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Momus
In mythology, Momus was the god of ridicule, driven from Mount Olympus for criticizing the gods. Momus couldn't find fault with Aphrodite's naked body, the tale goes, so he condemned her for the noise made by her feet. Born a Scotsman and now living in London, Nicholas Currie assumed the nom de pop Momus more than a decade ago. It's possible that there's never been a pop demistar named so aptly.

In the 1960s and '70s Serge Gainsbourg, the French pop composer and Momus' idol, seemed to be in a dialogue with jazz musicians and faddish artists alike. (Then again, it could have just been bald theft.) Momus is similar, experimenting with current sounds: spare folk, the kind of Casiocore favored by Stephin Merritt in the Magnetic Fields, the crafty electronic dance flash of the Pet Shop Boys, and lounge crooning, among other genres.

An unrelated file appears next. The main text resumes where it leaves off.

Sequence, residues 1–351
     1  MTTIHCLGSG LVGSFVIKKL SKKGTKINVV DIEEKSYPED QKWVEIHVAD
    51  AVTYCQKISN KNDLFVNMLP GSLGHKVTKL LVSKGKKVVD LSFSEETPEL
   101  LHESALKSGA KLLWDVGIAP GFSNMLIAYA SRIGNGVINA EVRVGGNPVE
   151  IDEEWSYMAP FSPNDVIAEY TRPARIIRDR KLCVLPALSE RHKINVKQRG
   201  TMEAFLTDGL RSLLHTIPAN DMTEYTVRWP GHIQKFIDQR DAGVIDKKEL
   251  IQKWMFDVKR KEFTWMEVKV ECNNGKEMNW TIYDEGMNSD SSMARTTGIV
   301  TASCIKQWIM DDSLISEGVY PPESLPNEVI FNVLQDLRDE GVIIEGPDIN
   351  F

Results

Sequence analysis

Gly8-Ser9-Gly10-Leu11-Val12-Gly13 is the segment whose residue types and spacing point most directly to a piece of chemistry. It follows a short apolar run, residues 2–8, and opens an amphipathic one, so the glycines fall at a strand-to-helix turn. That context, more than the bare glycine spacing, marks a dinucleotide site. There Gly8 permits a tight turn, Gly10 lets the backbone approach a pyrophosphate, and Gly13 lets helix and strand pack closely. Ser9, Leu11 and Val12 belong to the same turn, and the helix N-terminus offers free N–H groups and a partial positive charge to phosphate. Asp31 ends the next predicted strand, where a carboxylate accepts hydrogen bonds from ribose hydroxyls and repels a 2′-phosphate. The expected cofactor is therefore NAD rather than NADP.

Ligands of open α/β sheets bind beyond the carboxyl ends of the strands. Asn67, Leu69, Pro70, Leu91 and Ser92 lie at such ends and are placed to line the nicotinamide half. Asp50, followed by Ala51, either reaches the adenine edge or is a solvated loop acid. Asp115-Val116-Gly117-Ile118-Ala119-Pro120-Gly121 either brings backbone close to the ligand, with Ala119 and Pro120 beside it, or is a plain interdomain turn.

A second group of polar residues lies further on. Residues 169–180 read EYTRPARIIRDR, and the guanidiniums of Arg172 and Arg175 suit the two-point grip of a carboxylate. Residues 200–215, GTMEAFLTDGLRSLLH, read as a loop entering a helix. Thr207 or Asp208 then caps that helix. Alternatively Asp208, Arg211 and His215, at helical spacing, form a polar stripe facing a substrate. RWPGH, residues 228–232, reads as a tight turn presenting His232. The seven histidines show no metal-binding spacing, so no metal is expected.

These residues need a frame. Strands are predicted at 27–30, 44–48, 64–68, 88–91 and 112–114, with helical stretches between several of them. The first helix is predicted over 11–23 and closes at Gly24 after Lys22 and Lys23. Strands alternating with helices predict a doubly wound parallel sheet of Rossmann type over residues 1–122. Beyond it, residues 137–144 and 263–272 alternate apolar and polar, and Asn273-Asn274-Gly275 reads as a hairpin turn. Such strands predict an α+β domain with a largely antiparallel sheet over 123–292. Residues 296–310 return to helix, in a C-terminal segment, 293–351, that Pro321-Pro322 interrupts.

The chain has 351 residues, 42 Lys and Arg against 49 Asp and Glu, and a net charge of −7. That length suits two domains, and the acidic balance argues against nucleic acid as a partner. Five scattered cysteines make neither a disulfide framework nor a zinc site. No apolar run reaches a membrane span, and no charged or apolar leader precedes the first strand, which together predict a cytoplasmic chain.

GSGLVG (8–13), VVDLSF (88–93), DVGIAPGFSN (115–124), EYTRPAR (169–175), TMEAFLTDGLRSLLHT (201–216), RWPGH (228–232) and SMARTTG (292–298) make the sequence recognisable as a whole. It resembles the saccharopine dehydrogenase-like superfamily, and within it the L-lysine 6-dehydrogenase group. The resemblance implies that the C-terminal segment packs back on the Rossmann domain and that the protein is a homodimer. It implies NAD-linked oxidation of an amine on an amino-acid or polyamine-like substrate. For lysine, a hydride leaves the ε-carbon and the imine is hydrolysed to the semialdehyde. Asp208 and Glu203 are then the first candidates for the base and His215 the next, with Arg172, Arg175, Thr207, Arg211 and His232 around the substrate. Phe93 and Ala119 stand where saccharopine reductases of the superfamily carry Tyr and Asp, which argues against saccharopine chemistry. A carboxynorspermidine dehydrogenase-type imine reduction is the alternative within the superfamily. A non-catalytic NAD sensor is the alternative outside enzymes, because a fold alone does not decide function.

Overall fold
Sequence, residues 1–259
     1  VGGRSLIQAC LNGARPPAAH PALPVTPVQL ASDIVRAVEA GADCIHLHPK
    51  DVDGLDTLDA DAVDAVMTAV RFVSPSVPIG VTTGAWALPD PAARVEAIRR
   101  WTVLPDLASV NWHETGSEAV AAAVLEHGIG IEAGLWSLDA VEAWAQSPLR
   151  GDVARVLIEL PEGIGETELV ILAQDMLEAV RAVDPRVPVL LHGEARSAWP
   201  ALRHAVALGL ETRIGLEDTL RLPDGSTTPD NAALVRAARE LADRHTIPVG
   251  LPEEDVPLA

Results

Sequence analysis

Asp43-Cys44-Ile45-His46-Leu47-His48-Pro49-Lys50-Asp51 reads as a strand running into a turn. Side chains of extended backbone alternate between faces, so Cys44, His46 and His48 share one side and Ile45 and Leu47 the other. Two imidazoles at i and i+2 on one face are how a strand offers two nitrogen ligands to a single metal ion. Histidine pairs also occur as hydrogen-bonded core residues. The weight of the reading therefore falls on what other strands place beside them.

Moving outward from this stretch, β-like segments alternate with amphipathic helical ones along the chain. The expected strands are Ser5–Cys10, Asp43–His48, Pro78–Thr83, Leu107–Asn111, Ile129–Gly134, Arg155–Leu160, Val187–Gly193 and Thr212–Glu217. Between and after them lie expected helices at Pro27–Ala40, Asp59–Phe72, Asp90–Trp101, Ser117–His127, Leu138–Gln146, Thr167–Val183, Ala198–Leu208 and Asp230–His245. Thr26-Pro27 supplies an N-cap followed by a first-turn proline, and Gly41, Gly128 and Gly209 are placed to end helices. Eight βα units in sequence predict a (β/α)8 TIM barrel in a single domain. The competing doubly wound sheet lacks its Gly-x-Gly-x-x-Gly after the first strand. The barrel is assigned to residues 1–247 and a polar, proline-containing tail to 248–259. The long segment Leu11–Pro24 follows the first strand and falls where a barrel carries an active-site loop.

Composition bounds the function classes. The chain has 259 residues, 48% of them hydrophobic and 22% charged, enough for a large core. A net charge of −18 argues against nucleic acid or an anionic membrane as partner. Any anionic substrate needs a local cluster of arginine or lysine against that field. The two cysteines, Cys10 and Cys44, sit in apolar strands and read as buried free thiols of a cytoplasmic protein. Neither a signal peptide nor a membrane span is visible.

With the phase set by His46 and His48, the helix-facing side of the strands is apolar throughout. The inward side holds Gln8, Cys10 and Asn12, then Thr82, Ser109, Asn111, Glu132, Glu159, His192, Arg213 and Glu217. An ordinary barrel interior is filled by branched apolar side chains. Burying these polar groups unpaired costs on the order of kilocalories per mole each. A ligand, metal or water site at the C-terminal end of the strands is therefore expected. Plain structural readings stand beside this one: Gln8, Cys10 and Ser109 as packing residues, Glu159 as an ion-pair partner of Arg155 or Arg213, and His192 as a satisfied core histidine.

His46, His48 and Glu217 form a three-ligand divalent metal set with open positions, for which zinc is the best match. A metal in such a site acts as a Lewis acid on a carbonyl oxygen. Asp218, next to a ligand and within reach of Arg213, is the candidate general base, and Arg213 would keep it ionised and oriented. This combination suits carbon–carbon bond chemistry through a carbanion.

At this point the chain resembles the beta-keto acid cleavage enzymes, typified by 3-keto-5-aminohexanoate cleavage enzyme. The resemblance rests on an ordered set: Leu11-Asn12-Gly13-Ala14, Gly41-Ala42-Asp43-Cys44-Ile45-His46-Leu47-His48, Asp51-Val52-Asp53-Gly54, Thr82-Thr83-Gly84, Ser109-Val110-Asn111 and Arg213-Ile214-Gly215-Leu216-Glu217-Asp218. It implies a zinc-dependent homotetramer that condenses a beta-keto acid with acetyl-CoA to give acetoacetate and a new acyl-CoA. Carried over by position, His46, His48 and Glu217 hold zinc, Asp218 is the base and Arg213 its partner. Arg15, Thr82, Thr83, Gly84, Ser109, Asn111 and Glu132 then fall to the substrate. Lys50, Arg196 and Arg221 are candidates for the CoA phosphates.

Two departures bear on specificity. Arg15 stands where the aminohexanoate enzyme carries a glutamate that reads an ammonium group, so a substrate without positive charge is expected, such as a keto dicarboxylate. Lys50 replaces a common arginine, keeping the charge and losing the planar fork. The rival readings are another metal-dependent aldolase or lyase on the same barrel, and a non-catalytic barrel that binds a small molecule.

As a songwriter though, Momus talks back to classic authors. The overeducated pop fop uses wit like an 18th-century French courtier, as a ruthless rapier to disembowel his enemies. But more often, that wit is a tool to explore subjects that fascinate him: sexuality, homoeroticism, incest, the creation of society and culture. Pompous (on an early record he called himself Dante's double) and self-deprecating (his own Web site step-by-steps a blase formula for writing Momus songs), he's endlessly compelling. A self-conscious scenester with a couple of bands on the Postcard and 4AD labels in the early 1980s, Creation in the mid-'80s, his influence became plain with the rise of fey Britpop acts like Pulp and Suede a few years ago. (He also appears on current records by Belle & Sebastian and the Divine Comedy.)

Now a producer of young Japanese pop sensations, the subject of three documentaries, and a computer geek, Momus continues to make records. The recent 20 Vodka Jellies compiled oddities and rarities made in the '90s; Ping Pong, his 12th or so, is only the second released in the States. This is his first San Francisco appearance.

-- Jeff Stark

Momus performs two shows Saturday, Feb. 21, at the Peacock Lounge, 552 Haight (at Steiner). Junior Varsity KM, Bushee Loop, and Gilles Weinzaepflen open at 8:30 p.m.; Weinzaepflen opens at 11 p.m. Tickets are $8; call 621-9850.

 
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